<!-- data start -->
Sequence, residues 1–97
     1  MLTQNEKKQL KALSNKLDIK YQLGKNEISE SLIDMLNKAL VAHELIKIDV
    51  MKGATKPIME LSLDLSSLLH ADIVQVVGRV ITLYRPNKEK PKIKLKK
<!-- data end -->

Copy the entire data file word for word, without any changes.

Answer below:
Sequence, residues 1–97
     1  MLTQNEKKQL KALSNKLDIK YQLGKNEISE SLIDMLNKAL VAHELIKIDV
    51  MKGATKPIME LSLDLSSLLH ADIVQVVGRV ITLYRPNKEK PKIKLKK